The first part of this quote has become notorious amongst social historians of early New South Wales. It has even become a book title: Their chastity was not too rigid: leisure times in early Australia (Cunes, 1979). But it is the second part of his statement that I find interesting.
Collins was preoccupied with deterrence. The following November a woman was hanged for breaking into a hut to steal clothes, and this sentence was carried out. In the desperate settlement, stealing food or clothing was evidently seen as more wicked than the rape of a child – or perhaps thieves were more likely to be deterred from their wicked ways by the threat of harsh punishment.
Henry Wright didn’t hang. Instead, Governor Phillip did what state and religious authorities have done so often in similar situations, he offloaded the problem on to somewhere else. Wright was sent to Norfolk Island, with his unfortunate wife and children, to spend the rest of his life there.
There, in July 1791, he assaulted 10-year-old Elizabeth Gregory. If David Collins’ court in Sydney was amateurish, Major Robert Ross on Norfolk Island ran a truly weird system. The population was tiny, and Ross tried to involve the whole community in the legal process in very unorthodox ways. (Alan Atkinson discusses this very interestingly in The Europeans in Australia (1997).)
Henry Wright was found guilty of attempted rape, and was sentenced to ‘run the gauntlet’. The idea probably came from the Navy, where this was a punishment for theft. The victim had to run between 2 rows of people who could hit him with – well, the rules vary, but probably with sticks or cudgels, not edged weapons. Ross ordered every adult man and woman on the island, convict or free, to take part in this act of communal punishment. According to Lieutenant Ralph Clark in his diary, on ‘Munday 18th’,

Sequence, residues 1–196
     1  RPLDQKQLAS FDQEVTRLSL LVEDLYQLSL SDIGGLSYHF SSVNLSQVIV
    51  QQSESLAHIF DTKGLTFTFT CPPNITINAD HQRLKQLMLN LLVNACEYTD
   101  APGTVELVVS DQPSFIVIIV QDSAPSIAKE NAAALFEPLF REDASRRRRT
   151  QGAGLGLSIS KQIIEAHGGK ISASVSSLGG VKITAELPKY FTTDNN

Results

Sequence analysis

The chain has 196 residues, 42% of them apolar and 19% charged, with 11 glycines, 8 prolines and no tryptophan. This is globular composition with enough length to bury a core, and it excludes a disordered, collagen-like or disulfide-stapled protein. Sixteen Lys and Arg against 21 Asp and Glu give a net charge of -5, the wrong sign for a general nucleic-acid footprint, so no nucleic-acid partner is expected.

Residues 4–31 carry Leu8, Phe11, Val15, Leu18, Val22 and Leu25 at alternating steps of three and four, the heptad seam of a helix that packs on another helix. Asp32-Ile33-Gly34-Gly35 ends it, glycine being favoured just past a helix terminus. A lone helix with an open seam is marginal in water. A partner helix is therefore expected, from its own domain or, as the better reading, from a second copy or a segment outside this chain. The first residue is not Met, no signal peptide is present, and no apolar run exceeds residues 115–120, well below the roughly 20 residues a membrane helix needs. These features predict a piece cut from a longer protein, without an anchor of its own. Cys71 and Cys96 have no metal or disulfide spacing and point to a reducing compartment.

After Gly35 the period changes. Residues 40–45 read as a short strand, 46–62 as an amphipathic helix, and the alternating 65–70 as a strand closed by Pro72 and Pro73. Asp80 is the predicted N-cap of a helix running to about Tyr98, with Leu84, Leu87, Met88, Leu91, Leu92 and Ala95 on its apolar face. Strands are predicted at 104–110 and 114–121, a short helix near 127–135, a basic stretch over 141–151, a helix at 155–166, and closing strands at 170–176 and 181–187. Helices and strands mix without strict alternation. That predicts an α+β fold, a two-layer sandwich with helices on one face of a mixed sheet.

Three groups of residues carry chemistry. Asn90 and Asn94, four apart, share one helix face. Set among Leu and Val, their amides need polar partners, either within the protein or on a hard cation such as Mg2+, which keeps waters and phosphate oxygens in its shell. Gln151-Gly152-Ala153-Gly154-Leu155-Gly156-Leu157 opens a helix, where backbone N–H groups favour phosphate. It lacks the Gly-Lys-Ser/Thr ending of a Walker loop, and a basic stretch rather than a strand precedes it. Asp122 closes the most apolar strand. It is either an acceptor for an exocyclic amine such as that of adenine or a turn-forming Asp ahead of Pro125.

Punished Heny. Wright by making him Run the Gantlet throu all the men and women in her[e] for attempting to deflour Elizt. Gregory a Girl of a bout ten Years of Age … he is to undergoe the Same punishment at Port Jackson when his Back is well
Further punishment took place on 2 August, and Henry Wright survived. Despite everything, he received a conditional pardon on 13 September 1796.
In 1807, Governor Bligh closed down Norfolk Island, and moved everyone to New Norfolk, near Hobart, and he disappears from the record, but a Mary Ann Wright is buried in St David’s Cemetery, in Hobart. She died aged 63, on 13 April 1846. If this is the right Mary Ann, this would make her 6 at the time of Elizabeth Chapman’s rape.
We worry these days about lynch mobs, and vigilantes getting hold of the names of pedophiles. Imagine then, what it was like for Wright to run the gauntlet on Norfolk Island, in a tiny community with no escape. Imagine what it was like for his wife, who petitioned to be allowed to return to Sydney with her children. Imagine too what this public act of collective violence and vilification did to the community as a whole.
How should such sex offenders be treated? There seems no easy answer. David Collins’ leniency put Elizabeth Gregory at risk. Robert Ross’s solution was to hand over punishment to the community – or rather, to the mob. This savagery probably appeals to today’s shock jocks – but do we really want to encourage such unrestrained violence, or allow the state to abdicate its authority in this way?